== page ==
I’ve always loved to sing in groups. It’s fantastic for those of us who are self conscious because it gives us a level of anonymity. This brings me to one of the simplest ways to get a group to sound good very quickly — teach songs that can be sung in rounds. When I was younger, we learned a lot of these at my camp — funny rounds, haunting rounds — and you could hear counselors and kids singing around the campfire, on the trail, on the river, pretty much anywhere. But, the days of camp ended, and my round-singing became a memory.
Babies also give us permission to sing. So, when my friend and I had our babies, we often sang as we walked. It was a perfect time to pull those rounds out of our memories and play while we walked. The babies were very patient with us. Those boys are now eighteen, and our rounds are a little rusty. I miss the fun of knowing something like “Dona Nobis Pacem” really well, singing it beautifully, and then two minutes later completely flubbing and having to sit down because I’m laughing so hard. My other favorite when the boys were little was “Don’t Throw Your Trash in My Back Yard,” which was silly, quick and particularly difficult to get right twice in a row.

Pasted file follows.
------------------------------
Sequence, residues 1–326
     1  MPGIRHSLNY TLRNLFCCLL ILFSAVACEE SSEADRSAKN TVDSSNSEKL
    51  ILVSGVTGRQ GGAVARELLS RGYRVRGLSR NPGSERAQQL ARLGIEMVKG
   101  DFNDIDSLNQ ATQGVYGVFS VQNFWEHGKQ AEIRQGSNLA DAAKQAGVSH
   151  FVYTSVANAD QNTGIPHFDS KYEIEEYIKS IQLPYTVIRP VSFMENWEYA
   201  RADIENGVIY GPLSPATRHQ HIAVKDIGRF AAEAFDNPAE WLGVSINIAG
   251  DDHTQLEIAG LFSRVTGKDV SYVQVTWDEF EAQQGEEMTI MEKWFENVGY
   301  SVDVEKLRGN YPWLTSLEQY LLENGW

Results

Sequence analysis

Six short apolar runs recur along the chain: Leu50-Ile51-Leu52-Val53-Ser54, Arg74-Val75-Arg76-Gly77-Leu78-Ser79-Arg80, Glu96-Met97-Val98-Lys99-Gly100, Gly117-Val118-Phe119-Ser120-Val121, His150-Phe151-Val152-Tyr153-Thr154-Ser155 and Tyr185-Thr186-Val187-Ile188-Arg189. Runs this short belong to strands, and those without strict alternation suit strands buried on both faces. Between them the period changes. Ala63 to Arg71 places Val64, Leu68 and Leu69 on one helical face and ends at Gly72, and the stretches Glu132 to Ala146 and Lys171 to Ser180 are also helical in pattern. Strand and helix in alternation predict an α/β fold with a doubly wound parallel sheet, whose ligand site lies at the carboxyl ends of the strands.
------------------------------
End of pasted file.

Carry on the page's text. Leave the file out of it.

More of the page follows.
Of course, COVID has made it impossible to get together with a group to sing rounds. However, if you have two people who are musically inclined in your primary family group, you can easily put together a few rounds for fun!
I’m interested in a virtual group collaboration using the app Soundtrap. I’ve posted some examples of my own round singing below (it’s just me all by my lonesome using Soundtrap — please be kind). Let me know if you’d like to join me what round(s) you like to sing (firstname.lastname@example.org). For information on how to use Soundtrap, see my post in next week’s Clef Notes.
Here’s a quick list of rounds that I know. I hope this list will inspire your own!
- “Dona Nobis Pacem”
- “Rose, Rose” | “Hey, Ho Nobody Home”
- “Call John the Boatman”
- “Ah Poor Bird”
- “Don’t Throw Your Trash In My Back Yard”
- “My Dame Has a Lame Tame Crane”
- “Frere Jacques”